Strike out: Johnson exclusion area
The Claimant’s claims for defamation and malicious falsehood all fell within the Johnson exclusion area and were accordingly struck out:
- Although defamation claims which are independent of a dismissal could fall outside the Johnson exclusion area, this was not such a claim: the libel and malicious falsehood claims related to the letter of dismissal; and the slander claim referred to words spoken on the day that the Claimant was dismissed and to a report of that dismissal.
- Further, the loss claimed for reputational damage was inextricably linked to the dismissal such that the cause of action in respect of the reputational damage did not exist before the dismissal, and therefore any financial loss claimed as a consequence can only be brought in an unfair dismissal claim. The claims cannot be divorced
Notwithstanding that the claims were struck out on the basis of Johnson, the judge considered further grounds pursued by the Defendant, namely strike out and summary judgment.
Summary judgment on the issue of publication to certain publishees
Summary judgment on the issue of publication to Professor Burke of the Defendant Health Authority, the Employment Liaison Officer or others at the GMC would have been entered in favour of the Defendant Health Authority, on the basis of evidence provided by the Defendant’s employees that publication did not take place to these individuals. The Claimant had not provided any positive evidence in response to this evidence. There was no reason to conclude that anything would change if this issue proceeded to trial, nor any inference that could be drawn that they were made aware of the Letter’s contents.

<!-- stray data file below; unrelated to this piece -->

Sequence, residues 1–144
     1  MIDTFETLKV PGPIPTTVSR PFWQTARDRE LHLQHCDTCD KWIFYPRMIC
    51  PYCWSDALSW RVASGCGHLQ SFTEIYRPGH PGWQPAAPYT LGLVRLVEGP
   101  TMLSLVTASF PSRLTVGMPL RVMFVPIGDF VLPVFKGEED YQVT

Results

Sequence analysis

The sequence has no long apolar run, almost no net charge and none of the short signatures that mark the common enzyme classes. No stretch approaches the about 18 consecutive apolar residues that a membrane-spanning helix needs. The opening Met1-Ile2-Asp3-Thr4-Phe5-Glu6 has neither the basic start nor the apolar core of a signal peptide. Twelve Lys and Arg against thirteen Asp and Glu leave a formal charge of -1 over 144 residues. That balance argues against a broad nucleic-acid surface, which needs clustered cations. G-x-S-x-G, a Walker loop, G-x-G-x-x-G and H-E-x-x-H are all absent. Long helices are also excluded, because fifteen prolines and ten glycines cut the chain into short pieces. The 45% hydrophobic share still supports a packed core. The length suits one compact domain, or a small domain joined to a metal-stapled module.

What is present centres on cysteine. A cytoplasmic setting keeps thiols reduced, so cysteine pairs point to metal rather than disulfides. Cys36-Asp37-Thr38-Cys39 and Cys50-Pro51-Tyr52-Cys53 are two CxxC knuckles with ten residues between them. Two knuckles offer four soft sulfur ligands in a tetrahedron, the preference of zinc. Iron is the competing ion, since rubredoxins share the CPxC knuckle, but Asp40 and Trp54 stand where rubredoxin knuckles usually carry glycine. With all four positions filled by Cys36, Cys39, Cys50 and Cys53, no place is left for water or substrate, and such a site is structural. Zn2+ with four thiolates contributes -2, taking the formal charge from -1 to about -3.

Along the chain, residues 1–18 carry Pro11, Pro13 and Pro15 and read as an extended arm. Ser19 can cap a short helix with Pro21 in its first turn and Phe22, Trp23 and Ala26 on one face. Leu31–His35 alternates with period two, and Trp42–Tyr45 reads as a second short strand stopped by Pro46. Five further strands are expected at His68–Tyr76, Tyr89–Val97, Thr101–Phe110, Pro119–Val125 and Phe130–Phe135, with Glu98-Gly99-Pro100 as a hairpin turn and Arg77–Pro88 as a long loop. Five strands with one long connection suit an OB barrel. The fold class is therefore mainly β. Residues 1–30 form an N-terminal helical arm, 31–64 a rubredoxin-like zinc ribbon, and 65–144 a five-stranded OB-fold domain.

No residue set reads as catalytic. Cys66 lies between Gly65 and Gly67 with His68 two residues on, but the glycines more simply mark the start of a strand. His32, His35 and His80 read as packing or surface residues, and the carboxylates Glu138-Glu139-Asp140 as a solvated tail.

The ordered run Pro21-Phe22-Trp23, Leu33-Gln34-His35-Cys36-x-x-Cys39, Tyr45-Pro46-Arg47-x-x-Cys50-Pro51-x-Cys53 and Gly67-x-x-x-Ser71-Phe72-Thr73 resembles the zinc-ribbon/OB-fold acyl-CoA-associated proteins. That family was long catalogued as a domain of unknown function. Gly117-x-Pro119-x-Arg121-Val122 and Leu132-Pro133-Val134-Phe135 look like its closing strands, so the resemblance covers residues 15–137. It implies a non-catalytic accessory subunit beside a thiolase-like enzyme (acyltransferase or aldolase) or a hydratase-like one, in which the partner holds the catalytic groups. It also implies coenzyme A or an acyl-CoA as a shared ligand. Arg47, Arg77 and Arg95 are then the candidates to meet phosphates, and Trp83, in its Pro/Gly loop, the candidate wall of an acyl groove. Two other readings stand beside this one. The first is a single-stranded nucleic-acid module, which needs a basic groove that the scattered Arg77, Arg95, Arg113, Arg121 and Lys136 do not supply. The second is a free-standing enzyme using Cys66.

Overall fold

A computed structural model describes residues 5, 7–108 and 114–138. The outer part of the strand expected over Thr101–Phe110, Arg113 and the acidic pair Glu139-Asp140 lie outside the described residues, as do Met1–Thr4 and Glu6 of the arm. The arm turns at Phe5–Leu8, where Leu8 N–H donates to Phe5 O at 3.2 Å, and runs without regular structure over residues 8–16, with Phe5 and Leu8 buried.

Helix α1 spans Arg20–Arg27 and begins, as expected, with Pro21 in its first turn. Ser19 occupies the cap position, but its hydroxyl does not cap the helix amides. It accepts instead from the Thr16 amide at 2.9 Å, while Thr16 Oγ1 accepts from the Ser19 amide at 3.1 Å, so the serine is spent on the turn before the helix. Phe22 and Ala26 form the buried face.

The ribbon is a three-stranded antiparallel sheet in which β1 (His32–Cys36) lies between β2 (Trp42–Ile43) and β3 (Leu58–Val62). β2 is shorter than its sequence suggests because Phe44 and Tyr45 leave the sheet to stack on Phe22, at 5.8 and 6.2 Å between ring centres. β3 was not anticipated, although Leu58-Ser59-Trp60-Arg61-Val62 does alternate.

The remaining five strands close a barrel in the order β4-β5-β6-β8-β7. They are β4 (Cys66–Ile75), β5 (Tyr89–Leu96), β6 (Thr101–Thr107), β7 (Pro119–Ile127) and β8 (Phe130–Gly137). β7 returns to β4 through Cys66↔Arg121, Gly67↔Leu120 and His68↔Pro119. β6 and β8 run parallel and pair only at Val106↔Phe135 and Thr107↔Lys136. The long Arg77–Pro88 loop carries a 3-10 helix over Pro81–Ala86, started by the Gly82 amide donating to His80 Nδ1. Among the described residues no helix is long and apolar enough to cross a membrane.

Summary judgment on the issue of publication to the then-Minister for Health and Justice would have been refused. The only evidence that the letter was not published to him was from one individual at the Defendant Health Authority, but there were a number of others who might have provided the letter to him. More evidence may therefore have become available at trial.
Strike out: Jameel abuse
The remaining defamation and malicious falsehood claims would have been struck out on a Jameel basis.
In light of the summary judgment that would have been entered in the Defendant’s favour, the claim would now concern publication to: the person to whom the letter was dictated, the person who transcribed it onto a computer, the persons who otherwise dealt with and filed the letter, the Minister and two of the Defendant’s HR employees.
The Defendant’s solicitor had submitted unchallenged evidence that the HR employees assisted with the preparation of the letter and therefore publication to them was either not actionable or could not be said to have had any impact on their opinion of the Claimant, given their role in the dismissal process.
The same reasoning also applied to others involved in preparing the letter. At best, their roles were secretarial, limited and publication cannot have had any impact to give rise to a real and substantial tort.
The Minister had been present at the meeting during which the decision was taken to dismiss the Claimant and, therefore, subsequent publication to him cannot be said to have had a real impact on his opinion on the Claimant, nor did it disclose a real and substantial tort.
Therefore, publication, at best, would have been to a small number of people. Accordingly, the claim did not give rise to a real and substantial tort in libel and malicious falsehood.
Strike out: Pleading deficiencies
There were a number of alleged deficiencies in the Claimant’s pleaded case. However, the Judge would have been minded to allow the Claimant to remedy these deficiencies had this been the only ground of challenge.